This Week in Publishing 8/10/07

by | Aug 10, 2007 | Uncategorized | 10 comments

This week (in August) in publishing:

The Man Booker longlist has been announced, and congratulations to the nominees for one of the most prestigious prizes in literature. And since I know you are dying to place some cold hard cash on who you think is going to win, you can do so at the William Hill betting site. Yes, I’m serious (I heart England). Blog aficionado Ian McEwan (ha! I wish. He doesn’t really read this blog) is currently the favorite at 3-1 for ON CHESIL BEACH. (thanks to the Millions for the tip).

The New York Times assesses the canon of assigned summer reading for students entering college, aka the first of many books college students everywhere will fake reading.

And finally… uh… did I mention it’s August in publishing? Yeah, I think I did that. Hmm… let’s see…. did I mention you can bet on the Booker prize? Totally insane, right? Oh, shoot, already talked about that.

Wait, what are you still doing here? Shouldn’t you be at the beach by now? Shoo! Go!

Have a great weekend!


  1. Dwight's Writing Manifesto


    I always assumed that prize was awarded to Chippendale’s talent scouts.

    *pppprumpt-pumt* Thanks, I’ll be here all week. Tip your waitstaff. Try the veal.

  2. original bran fan

    So, when does publishing heat up again in the fall? After Labor day? Mid-September? Halloween?

    I also hear that there is another slow period in December. True?

  3. Niteowl

    You know, it’s one of the most prestigious literary awards, yet they don’t include America.

    Take THAT you upstart colonials!

  4. original bran fan

    Another question. What do agents do in August when publishing slows down? Look for new material? Take a vacation themselves? Get caught up on reading partials/fulls? All of the above?

  5. Church Lady

    I haven’t read Atonement yet. Is “Chisel Beach” better? I have so much catching up to do.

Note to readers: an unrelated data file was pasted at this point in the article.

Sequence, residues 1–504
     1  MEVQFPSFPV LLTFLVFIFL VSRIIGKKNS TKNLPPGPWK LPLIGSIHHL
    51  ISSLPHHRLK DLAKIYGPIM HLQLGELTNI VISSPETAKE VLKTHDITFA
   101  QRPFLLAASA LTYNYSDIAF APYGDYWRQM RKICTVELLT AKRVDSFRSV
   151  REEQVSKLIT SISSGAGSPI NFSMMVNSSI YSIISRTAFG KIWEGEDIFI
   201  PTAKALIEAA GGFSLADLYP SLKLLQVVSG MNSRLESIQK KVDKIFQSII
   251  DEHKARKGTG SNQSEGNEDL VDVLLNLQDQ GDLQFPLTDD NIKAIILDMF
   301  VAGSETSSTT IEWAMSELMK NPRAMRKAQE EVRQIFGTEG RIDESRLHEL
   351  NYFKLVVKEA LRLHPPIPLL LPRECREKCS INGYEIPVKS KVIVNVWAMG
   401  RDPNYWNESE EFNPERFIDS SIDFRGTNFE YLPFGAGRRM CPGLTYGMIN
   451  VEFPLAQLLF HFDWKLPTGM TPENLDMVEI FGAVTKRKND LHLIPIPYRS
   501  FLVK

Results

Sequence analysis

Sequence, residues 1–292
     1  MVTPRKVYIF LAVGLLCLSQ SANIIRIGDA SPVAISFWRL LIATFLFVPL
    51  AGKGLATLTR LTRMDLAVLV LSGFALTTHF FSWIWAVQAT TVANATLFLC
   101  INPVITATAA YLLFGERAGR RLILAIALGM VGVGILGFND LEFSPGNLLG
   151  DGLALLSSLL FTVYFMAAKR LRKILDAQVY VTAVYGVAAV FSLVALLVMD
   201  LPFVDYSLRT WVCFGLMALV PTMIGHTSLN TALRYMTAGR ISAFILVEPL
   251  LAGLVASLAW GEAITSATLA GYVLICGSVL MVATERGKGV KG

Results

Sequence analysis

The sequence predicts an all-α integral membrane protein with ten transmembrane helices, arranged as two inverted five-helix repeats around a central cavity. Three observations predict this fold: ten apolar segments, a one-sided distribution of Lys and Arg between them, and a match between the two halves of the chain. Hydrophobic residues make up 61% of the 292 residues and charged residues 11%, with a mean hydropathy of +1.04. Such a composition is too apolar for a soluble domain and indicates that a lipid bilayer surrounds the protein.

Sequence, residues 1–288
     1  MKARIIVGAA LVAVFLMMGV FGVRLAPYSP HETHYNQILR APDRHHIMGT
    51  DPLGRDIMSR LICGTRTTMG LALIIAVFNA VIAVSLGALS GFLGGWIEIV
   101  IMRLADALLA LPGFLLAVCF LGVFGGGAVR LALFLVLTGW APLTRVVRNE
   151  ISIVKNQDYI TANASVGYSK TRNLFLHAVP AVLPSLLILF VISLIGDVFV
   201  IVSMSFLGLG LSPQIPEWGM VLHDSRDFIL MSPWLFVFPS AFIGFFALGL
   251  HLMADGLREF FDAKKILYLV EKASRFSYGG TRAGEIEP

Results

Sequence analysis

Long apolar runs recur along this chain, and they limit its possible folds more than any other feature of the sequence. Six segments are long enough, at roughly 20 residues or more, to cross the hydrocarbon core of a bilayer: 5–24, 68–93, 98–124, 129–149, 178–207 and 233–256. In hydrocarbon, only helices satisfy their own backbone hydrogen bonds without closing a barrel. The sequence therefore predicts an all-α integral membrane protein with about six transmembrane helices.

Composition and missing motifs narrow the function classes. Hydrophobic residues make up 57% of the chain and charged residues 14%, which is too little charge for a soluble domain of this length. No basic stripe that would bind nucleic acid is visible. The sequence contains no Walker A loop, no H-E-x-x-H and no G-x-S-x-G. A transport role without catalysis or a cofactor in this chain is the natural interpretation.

6. Annalee

    Off topic, except that it has to do with stuff going on in publishing:

    Did you hear about this?

    I hope to dog all the other bookstore chains recognize that these are trained professional morons, and that they shouldn’t try this at home.

  7. Richelle Mead

    Beach? Hmphf. You NYC–and, ahem, SF–publishing people might be able to lounge around in August, but for us authors, the work is never done. (That snapping sound you hear is the muse cracking her whip).

  8. Nathan Bransford


    Yes, there are slow periods in publishing in summer and in December, but it doesn’t really mean work isn’t get done. It’s just that more people than usual do go on vacation in the summer, and since on the editorial side it takes a committee to do most everything, it can slow down the process.

    I haven’t actually found that my own workload has decreased though, because I’m still doing submissions and I tend to get more queries in the summer.

  9. Anonymous

    The fact that McEwan’s the current favourite with the bookies is a good indicator that he won’t win and probably won’t even make the shortlist. In fact, the fact that he made the longlist has led to a huge amount of kerfuffle in the UK literary press on the following areas: (a) McEwan shouldn’t have been nominated because his book is a novella and not a novel and therefore should not be eligible for consideration (discuss), (b) McEwan shouldn’t have been nominated because of the Big Plagiarism Allegations on Atonement, and (c) McEwan shouldn’t have been nominated because he’s been doing the same thing for the last decade and it’s getting boring, besides why should he get nominated when writers like Faulkes haven’t been (discuss). It’s really very entertaining to watch.

  10. Zen of Writing

    Yes, the Times assesses the summer reading list, but not for free. $4.95 to read the article — come on guys, get over yourselves. I wonder what the subscriber numbers are for “Times Select.”


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Hi, I’m Nathan. I’m the author of How to Write a Novel and the Jacob Wonderbar series, which was published by Penguin. I used to be a literary agent at Curtis Brown Ltd. and I’m dedicated to helping authors chase their dreams. Let me help you with your book!

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